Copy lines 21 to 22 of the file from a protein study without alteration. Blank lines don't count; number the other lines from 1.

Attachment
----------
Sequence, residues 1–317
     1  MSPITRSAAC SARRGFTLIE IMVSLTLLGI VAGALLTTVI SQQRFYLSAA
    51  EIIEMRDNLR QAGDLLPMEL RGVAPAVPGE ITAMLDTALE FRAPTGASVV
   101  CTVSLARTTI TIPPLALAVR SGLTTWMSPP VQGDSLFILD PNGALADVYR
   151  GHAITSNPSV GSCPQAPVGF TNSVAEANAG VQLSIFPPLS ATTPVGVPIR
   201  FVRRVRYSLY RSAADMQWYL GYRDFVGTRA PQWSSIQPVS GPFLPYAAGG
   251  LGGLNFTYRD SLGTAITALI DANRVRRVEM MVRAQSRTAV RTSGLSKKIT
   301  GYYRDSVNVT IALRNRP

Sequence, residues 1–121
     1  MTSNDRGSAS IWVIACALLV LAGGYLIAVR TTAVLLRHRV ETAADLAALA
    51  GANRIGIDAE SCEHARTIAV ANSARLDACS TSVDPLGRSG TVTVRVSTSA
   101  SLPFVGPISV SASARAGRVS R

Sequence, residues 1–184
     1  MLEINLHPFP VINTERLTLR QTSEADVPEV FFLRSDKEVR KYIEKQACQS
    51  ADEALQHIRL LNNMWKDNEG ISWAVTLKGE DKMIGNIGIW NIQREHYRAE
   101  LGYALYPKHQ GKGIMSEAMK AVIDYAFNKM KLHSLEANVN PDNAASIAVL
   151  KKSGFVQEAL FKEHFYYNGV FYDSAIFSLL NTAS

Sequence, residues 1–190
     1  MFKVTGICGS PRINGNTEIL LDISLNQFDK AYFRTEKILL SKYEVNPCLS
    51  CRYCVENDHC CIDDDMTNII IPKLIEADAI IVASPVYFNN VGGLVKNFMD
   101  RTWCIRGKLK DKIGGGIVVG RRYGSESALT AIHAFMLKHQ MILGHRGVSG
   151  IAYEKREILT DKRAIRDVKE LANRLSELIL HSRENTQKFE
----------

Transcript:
   101  RTWCIRGKLK DKIGGGIVVG RRYGSESALT AIHAFMLKHQ MILGHRGVSG
   151  IAYEKREILT DKRAIRDVKE LANRLSELIL HSRENTQKFE